Navy football fans who figure the offense is suddenly fixed following an impressive output against Alabama-Birmingham might want to take a deep breath.
Quarterback Xavier Arline directed an attack that produced 363 yards and 24 points. Neither of those were season-highs for the Midshipmen but after a miserable month filled with minimal production, it marked a major step forward.
There were certainly many bright spots, highlighted by Arline tossing a 45-yard touchdown pass to wide receiver Regis Velez, then breaking loose for a 50-yard scoring scamper off an option keeper.
By far the most encouraging development was a classic 20-play, 80-yard touchdown march that took almost 13 minutes off the clock. As coach Brian Newberry correctly stated, that was Navy option football at its finest.
It was Navy’s longest scoring drive in terms of time since its epic 26-play, 94-yard campaign against New Mexico in the 2004 Emerald Bowl. That drive, which ended with a field goal, chewed up 14 ½ minutes.
However, the reality is that many of the problems present during the Charlotte, Air Force and Temple games were on display for most of the first half against UAB. The Mids had numerous staple plays of the option attack result in little or no gain primarily because of subpar blocking.
According to Mike James of The Mid Report, there were a wide range of schemes — outside zone, midline trap, halfback sweep, you name it — that got shut down simply because one or two defenders were not blocked.
Navy started the game with seven straight possessions that lasted five plays or less. One produced a touchdown thanks to the long bomb from Arline to Velez. The Mids managed only one first down and had to settle for a field goal after cornerback Dashaun Peele returned an interception to the Alabama-Birmingham 31-yard line.
Navy had 10 points midway through the third quarter before the offense scored two touchdowns in the fourth frame to help turn the game into a rout.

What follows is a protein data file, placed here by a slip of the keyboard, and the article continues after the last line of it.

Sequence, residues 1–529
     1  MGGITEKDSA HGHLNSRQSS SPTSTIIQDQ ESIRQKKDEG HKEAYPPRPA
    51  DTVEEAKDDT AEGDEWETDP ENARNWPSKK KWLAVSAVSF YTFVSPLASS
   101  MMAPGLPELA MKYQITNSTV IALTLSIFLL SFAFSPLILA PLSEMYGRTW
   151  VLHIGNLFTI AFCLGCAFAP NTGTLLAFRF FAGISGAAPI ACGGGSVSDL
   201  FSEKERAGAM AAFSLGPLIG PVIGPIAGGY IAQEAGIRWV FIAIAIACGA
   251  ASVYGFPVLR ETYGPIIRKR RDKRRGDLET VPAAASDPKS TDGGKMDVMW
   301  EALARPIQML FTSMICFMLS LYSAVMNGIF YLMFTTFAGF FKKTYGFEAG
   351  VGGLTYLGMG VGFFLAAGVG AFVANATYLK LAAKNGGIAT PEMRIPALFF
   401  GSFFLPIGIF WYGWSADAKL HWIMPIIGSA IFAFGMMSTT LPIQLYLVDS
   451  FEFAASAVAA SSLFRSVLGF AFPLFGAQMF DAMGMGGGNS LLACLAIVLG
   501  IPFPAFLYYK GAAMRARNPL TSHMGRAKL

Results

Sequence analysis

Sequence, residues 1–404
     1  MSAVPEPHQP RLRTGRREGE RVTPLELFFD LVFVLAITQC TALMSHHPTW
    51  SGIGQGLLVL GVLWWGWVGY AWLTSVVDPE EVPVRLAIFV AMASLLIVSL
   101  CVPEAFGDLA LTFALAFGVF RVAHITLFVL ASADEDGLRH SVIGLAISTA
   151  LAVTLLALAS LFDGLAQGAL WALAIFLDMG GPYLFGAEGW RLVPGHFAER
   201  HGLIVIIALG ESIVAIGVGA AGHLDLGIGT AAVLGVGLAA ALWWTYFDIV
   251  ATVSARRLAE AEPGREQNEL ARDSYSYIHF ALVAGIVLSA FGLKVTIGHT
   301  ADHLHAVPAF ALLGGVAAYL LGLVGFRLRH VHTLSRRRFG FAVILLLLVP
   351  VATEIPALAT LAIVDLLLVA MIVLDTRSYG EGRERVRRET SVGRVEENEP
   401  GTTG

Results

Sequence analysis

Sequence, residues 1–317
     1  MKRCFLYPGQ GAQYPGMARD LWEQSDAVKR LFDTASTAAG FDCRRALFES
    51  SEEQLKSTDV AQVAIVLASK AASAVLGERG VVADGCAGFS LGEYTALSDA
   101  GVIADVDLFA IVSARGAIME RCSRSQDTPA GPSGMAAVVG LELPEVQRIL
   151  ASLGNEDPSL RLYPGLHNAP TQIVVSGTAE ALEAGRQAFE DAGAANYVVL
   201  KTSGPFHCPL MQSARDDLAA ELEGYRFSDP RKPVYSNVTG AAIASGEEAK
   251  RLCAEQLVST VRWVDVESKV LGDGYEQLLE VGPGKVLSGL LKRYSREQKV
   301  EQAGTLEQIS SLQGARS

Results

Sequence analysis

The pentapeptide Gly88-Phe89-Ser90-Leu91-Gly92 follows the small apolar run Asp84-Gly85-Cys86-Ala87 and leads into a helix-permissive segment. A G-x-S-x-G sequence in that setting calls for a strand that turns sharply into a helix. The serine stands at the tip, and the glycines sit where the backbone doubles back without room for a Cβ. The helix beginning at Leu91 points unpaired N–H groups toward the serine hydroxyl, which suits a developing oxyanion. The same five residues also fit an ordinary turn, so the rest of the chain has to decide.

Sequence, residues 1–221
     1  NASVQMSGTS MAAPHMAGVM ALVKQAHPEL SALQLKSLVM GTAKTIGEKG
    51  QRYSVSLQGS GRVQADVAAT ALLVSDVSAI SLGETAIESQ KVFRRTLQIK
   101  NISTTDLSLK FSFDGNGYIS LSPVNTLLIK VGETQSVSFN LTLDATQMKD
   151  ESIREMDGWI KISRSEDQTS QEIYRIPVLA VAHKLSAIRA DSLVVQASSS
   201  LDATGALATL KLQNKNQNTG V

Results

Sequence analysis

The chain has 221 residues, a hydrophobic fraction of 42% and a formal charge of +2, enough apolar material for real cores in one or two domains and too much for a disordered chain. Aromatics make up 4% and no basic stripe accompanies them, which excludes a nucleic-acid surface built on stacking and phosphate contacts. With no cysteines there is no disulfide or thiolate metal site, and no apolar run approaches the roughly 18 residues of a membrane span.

James explains that much of Navy’s offensive production was the result of some new schemes introduced by coordinator Grant Chesnut. There were some run-pass option plays that resulted in completions to slotback Eli Heidenreich for nice gains. There was also a counter trey option run out of shotgun formation that worked to great effect.
It will be interesting to see if those wrinkles continue to be successful going forward. Obviously, East Carolina and other future opponents have now seen those concepts and can prepare to defend them.
During his weekly media session this week, Chesnut said the offensive success the Mids found in the second half Saturday was simply the result of better blocking and execution. He did acknowledge the RPO and counter trey plays were designed to exploit what UAB was doing defensively.
“There’s always a feeling out process early in the game where you get a real sense of exactly how they want to defend you then you can make little adjustments to take advantage of that,” Chesnut said. “We took a very important step forward on Saturday and we absolutely have to keep the momentum going.”
One major reason for optimism involves the Midshipmen settling on a starting quarterback. Senior Xavier Arline is expected to make his third straight start and he has brought a steady hand to the unit.
“X has done a great job of digesting the game plan going through the week then going out and executing the game plan and just making plays,” Chesnut said. “I’m very pleased with the progress he made last week in practice and, obviously, in the game as well.”
Arline, who has now made 11 career starts at quarterback, plays with tremendous confidence and his experience has shown through in several instances over the past two games. He has done a good job of reading the defensive alignment, making checks at the line of scrimmage and getting Navy into the right play.
“I’m very excited about the way X is playing right now. One of his greatest qualities is his demeanor and style of leadership. He’s never too high, never too low,” Chesnut said. “That consistency and continuity at quarterback is really, really important.”
Chesnut did not hesitate when asked if the Navy seniors, who will play the final home game of their careers Saturday against East Carolina, are playing with more purpose with the end in sight.